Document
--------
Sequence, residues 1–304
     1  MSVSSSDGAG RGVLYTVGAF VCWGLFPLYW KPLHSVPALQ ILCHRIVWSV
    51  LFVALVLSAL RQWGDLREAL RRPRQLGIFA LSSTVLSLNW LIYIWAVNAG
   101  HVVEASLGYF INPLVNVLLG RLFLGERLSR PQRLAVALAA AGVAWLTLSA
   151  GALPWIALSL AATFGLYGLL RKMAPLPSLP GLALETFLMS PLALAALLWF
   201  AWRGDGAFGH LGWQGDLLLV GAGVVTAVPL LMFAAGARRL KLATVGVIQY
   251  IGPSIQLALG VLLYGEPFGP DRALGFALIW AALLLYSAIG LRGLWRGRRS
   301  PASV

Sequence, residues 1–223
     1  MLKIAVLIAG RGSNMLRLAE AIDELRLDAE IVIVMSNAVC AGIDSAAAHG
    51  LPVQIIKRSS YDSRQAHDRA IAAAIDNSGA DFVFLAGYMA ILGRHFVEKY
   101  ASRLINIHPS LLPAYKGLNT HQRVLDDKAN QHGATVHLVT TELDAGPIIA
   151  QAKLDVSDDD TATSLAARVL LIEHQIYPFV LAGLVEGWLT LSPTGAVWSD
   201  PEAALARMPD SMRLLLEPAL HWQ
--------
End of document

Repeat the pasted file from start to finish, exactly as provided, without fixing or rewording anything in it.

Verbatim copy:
Sequence, residues 1–304
     1  MSVSSSDGAG RGVLYTVGAF VCWGLFPLYW KPLHSVPALQ ILCHRIVWSV
    51  LFVALVLSAL RQWGDLREAL RRPRQLGIFA LSSTVLSLNW LIYIWAVNAG
   101  HVVEASLGYF INPLVNVLLG RLFLGERLSR PQRLAVALAA AGVAWLTLSA
   151  GALPWIALSL AATFGLYGLL RKMAPLPSLP GLALETFLMS PLALAALLWF
   201  AWRGDGAFGH LGWQGDLLLV GAGVVTAVPL LMFAAGARRL KLATVGVIQY
   251  IGPSIQLALG VLLYGEPFGP DRALGFALIW AALLLYSAIG LRGLWRGRRS
   301  PASV

Sequence, residues 1–223
     1  MLKIAVLIAG RGSNMLRLAE AIDELRLDAE IVIVMSNAVC AGIDSAAAHG
    51  LPVQIIKRSS YDSRQAHDRA IAAAIDNSGA DFVFLAGYMA ILGRHFVEKY
   101  ASRLINIHPS LLPAYKGLNT HQRVLDDKAN QHGATVHLVT TELDAGPIIA
   151  QAKLDVSDDD TATSLAARVL LIEHQIYPFV LAGLVEGWLT LSPTGAVWSD
   201  PEAALARMPD SMRLLLEPAL HWQ